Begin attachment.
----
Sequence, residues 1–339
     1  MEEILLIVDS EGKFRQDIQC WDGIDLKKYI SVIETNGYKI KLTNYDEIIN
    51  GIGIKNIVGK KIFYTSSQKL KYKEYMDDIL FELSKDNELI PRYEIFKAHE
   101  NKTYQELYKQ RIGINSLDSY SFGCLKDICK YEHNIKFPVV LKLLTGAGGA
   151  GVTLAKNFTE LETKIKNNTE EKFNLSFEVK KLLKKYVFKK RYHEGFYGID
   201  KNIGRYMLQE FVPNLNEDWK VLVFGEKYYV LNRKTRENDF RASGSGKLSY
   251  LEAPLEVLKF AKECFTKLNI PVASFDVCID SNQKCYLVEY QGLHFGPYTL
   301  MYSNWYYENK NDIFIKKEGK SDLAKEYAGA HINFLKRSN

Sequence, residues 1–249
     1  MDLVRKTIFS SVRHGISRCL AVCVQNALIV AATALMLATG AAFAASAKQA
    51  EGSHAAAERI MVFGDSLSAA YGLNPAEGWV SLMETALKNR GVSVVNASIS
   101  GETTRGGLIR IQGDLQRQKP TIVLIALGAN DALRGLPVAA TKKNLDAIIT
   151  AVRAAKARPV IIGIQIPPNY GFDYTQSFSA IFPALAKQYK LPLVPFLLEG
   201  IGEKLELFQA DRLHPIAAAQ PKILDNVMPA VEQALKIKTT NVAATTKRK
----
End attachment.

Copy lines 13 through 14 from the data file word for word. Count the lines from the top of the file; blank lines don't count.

   151  AVRAAKARPV IIGIQIPPNY GFDYTQSFSA IFPALAKQYK LPLVPFLLEG
   201  IGEKLELFQA DRLHPIAAAQ PKILDNVMPA VEQALKIKTT NVAATTKRK